# Tables nand Graphs in Non-Mathematics Courses

If you flip through texts books for courses such as chemisty, political science, psychology, and economics, you will see a variety of tables, graphs and charts. Since there is so much information presented in these kinds of visual displays, it is important to have a foundation in extracting information from them. Below are two examples that demonstrate the kinds of displays found in introductory economics textbooks.

### Example

The Profitability of Investment Depends on the Interest Rate
(1) (2) (3) (4) (5) (6) (7)
Project Total Investment
in Project
Annual Revenues per \$1000 Invested Cost per \$1000 of Project at Annual Interest Rate of: Annual Net Profit per \$1000 Invested at Annual Interest Rate of:
(\$ in millions) (\$) 10% (\$) 5% (\$) 10% (\$)
(6) = (3) - (4)
5% (\$)
(7) = (3) - (5)
A 1 1,500 100 50 1,400 1,450
B 4 220 100 50 120 170
C 10 160 100 50 60 110
D 10 130 100 50 30 80
E 5 110 100 50 10 60
F 15 90 100 50 -10 40
G 10 60 100 50 -40 10
H 20 40 100 50 -60 -10

 The economy has eight investment projects, ranked in order of return. Column (2) shows the investment in each project. Column (3) calculates the perpetual return each year per \$1000 invested. Columns (4) and (5) then show the cost of the project, assuming all funds are borrowed, at interest rates of 10 and 5 percent; this is shown per \$1000 of the project. The last two columns calculate the annual net profit per \$1000 invested in the project. If net profit is positive, then profit-maximizing firms will undertake the investment; if negative, the investment project will be rejected. Note the cutoff between profitable and unprofitable investments moves as the interest rate rises. (Where would the cutoff be if the interest rate rose to 15 percent per year?) From: Samuelson P. A. & Nordhaus, W. D. (1995) Macroeconomics (p. 112). New York: McGraw-Hill.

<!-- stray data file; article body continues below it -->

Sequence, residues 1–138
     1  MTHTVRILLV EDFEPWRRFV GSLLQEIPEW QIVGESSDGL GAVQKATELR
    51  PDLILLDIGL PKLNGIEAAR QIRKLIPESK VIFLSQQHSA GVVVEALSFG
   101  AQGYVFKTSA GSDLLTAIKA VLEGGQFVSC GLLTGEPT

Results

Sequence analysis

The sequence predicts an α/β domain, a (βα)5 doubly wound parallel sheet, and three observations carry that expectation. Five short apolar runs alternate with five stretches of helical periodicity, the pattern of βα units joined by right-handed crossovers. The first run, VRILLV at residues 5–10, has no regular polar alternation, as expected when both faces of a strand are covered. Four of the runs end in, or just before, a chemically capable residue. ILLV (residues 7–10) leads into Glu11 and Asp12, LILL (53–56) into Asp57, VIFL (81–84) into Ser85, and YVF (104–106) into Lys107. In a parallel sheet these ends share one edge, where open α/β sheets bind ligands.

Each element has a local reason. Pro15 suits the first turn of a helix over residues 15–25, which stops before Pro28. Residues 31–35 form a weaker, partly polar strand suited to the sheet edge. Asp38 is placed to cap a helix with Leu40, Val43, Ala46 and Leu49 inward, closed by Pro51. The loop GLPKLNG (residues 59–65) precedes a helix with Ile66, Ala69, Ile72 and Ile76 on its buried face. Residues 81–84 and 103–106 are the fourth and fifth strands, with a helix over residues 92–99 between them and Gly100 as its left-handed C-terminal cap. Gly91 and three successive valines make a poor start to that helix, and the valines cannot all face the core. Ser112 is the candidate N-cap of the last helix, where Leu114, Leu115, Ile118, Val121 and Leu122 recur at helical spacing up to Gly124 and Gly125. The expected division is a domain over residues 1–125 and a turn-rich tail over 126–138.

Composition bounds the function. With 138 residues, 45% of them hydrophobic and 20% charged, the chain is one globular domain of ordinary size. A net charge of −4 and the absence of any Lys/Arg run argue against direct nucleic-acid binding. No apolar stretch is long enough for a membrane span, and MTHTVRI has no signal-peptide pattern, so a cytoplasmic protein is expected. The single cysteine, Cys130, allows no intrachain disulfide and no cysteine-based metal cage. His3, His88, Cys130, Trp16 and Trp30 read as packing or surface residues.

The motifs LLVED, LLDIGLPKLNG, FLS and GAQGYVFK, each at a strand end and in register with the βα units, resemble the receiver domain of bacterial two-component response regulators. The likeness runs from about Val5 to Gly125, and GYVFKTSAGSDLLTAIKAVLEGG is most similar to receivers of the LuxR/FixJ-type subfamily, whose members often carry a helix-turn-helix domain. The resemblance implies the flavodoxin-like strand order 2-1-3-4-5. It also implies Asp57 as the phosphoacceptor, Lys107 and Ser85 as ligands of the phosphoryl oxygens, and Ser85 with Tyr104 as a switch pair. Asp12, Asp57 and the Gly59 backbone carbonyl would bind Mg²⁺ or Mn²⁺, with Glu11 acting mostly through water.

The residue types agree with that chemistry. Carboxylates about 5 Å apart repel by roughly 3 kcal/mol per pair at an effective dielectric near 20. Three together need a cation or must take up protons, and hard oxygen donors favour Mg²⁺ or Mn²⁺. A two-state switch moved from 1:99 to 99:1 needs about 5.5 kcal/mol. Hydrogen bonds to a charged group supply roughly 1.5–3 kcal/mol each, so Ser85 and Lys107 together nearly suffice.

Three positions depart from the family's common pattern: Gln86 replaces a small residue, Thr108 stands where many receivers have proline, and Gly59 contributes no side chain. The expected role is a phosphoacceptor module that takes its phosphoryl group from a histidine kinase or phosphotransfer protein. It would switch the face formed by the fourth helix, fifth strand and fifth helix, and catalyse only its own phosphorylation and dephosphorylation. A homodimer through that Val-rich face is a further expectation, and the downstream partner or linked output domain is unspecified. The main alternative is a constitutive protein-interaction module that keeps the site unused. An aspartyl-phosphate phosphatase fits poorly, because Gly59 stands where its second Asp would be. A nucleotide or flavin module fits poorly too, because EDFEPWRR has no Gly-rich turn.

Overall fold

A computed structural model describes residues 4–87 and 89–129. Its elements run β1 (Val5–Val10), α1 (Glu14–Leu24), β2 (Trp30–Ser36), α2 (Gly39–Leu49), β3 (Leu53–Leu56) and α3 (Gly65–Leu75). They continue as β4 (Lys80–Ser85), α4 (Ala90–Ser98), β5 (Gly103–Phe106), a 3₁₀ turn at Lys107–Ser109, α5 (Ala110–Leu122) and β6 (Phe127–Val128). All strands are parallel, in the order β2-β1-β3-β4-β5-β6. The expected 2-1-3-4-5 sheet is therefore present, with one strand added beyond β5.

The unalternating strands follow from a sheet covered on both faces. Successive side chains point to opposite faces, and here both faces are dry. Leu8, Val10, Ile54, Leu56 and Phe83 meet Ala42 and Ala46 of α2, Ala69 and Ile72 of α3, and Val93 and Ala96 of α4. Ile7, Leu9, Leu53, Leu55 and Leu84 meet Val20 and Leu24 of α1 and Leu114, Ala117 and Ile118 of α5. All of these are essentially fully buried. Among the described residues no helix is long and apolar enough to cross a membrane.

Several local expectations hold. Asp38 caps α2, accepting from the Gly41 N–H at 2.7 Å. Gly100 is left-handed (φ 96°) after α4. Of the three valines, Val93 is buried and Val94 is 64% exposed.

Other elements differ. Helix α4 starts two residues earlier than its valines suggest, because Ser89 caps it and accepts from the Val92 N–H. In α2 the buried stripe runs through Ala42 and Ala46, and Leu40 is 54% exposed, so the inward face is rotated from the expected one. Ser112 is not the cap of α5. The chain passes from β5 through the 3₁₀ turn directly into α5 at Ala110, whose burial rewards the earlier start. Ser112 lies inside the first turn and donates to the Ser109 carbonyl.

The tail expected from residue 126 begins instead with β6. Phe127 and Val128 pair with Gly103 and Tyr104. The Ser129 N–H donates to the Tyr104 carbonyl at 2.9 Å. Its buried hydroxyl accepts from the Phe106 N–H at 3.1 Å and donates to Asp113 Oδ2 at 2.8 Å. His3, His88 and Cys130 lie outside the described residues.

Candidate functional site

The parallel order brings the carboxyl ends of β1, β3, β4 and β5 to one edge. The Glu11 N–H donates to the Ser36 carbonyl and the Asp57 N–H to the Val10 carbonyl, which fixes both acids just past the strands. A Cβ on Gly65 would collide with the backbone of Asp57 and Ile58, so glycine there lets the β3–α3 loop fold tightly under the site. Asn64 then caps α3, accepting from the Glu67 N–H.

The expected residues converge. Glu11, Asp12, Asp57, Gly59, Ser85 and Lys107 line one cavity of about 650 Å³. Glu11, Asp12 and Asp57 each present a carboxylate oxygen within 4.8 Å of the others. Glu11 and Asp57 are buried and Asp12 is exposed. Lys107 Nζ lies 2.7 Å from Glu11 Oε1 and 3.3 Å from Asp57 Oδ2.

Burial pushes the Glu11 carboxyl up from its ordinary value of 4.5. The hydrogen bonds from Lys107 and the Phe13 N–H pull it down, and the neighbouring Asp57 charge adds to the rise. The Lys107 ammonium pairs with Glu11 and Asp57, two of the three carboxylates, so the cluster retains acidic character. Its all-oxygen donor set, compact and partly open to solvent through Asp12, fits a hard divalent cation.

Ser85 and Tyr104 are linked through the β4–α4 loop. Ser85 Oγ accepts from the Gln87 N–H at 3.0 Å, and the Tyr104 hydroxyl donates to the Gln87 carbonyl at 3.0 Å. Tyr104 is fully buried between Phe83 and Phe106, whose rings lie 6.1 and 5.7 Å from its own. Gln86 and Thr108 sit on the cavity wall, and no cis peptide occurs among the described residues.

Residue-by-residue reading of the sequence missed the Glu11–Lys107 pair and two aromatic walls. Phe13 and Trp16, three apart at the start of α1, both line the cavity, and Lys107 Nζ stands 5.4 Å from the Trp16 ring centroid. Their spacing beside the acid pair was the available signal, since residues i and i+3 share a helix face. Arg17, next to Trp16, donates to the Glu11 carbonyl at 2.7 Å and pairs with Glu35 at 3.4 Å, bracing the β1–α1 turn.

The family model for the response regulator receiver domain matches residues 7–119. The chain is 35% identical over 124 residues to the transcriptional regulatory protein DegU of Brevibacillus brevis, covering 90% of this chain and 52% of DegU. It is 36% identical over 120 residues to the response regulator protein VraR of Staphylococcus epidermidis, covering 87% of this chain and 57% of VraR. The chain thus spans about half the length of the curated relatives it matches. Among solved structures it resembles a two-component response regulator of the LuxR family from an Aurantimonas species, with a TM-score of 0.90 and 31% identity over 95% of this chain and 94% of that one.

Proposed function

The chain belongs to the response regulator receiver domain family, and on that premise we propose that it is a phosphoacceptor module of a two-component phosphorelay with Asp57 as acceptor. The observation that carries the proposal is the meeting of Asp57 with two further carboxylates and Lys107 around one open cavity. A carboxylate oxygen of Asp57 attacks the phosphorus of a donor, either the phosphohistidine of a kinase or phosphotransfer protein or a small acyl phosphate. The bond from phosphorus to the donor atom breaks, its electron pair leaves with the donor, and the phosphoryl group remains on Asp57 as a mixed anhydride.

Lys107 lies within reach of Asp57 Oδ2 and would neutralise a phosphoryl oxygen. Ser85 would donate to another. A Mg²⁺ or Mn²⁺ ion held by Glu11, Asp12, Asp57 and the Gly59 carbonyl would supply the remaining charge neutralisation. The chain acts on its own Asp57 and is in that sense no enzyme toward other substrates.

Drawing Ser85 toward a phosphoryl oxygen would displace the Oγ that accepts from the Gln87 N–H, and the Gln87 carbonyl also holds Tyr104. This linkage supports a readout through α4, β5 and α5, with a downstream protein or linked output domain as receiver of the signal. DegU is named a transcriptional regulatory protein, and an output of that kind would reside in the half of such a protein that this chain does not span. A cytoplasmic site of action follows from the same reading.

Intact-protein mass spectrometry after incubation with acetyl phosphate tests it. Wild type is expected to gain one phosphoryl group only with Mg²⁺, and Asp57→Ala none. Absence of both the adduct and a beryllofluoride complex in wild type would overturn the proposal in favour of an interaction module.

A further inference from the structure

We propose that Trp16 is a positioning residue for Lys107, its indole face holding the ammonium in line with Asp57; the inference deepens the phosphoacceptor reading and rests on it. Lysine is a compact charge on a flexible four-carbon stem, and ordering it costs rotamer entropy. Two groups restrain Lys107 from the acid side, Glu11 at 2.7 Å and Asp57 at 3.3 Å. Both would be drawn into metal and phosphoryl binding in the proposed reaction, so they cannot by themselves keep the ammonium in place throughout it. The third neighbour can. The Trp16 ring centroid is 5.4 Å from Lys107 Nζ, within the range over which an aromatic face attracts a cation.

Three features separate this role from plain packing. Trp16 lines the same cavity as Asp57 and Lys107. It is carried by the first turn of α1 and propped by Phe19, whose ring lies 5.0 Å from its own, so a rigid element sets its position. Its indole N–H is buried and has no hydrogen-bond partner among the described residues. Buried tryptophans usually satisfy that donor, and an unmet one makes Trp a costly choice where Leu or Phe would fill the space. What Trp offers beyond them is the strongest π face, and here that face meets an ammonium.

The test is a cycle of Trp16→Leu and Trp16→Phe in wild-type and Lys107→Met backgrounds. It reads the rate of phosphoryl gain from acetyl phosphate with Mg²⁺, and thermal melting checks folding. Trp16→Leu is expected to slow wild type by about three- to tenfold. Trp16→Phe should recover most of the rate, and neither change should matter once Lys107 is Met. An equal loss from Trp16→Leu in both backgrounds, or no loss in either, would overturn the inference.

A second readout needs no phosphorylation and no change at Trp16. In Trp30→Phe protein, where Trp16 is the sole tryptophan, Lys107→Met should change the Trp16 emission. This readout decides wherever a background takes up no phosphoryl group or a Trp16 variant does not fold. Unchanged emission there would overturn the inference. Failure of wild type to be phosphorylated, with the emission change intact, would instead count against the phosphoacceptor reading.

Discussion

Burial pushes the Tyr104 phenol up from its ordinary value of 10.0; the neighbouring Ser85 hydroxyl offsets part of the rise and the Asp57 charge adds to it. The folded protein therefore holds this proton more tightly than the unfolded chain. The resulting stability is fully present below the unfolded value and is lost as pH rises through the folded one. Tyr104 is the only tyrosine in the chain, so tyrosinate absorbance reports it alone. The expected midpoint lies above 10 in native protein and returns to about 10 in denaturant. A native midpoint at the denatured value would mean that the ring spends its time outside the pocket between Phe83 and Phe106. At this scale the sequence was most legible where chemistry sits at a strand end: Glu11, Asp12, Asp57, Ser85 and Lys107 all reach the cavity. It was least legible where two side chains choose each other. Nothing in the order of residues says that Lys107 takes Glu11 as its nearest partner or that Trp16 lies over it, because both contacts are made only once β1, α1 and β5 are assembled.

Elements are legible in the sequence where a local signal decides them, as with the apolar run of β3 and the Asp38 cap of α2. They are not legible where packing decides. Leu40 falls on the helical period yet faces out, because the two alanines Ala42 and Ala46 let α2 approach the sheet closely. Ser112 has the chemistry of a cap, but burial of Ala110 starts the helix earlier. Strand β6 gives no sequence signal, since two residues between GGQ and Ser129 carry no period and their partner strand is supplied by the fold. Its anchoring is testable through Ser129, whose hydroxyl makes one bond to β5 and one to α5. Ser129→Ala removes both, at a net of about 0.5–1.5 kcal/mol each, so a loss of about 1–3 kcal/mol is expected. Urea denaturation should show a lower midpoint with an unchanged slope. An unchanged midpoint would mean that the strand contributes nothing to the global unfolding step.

Tables are one commonly used means of visually displaying data. The table in the example above is very complex. Imagine trying to explain this in paragraph form. The table helps to make it easy to locate individual pieces of information from the data.

### Example

 Figure 5-2: The distribution of income among families, 1993 Personal income is quite unequally distributed in the United Stats. An equal distribution would mean that all vertical bars would pe equal to the horizontal line drawn at 20 percent. In fact, the richest fifth of the families gets over eleven times as much income as does the poorest fifth. From: McConnell & Brue (1996) Mactoeconomics (p 75). New York: McGraw-Hill.

This second example illustrates one of the common types of graphs used in textbooks, a bar graph. This, along with tables and circle graphs, are commonly used visual displays.

In many of your courses, you will come across many tables and graphs so it is important for you to be able to both read and construct them. You will be asked to analyze the information presented. You may also be asked to construct these kinds of visual displays of information. This book provides you with the skills you will need to (1) analyze visual displays using tables, circle graphs, and bar graphs, and (2) construct each of these.

The skills you will learn in this book are to:

• Identify the table title and the labels for rows and columns.
• Identify information given in a designated row or column.
• Make statements about data trends from a table.
• Construct a table from information given in a paragraph.
• Identify the title, sectors, and their labels of a circle graph.
• Construct a circle graphs from a table of information.
• Critically read circle graphs, particularly to compare parts to a whole.
• Identify the bar graph title and labels for the bar graph axes.
• Identify information given by a designated bar.
• Make statements about data trends from a bar graph.
• Explain how to determine the scale of a bar graph.
• Construct a bar graph.
• Read and analyze bar graphs that have both positive and negative values.
• Read and analyze double bar graphs.
• Construct bar graphs that have both positive and negative values.
• Construct double bar graphs.
• Choose the most appropriate visual representation for data.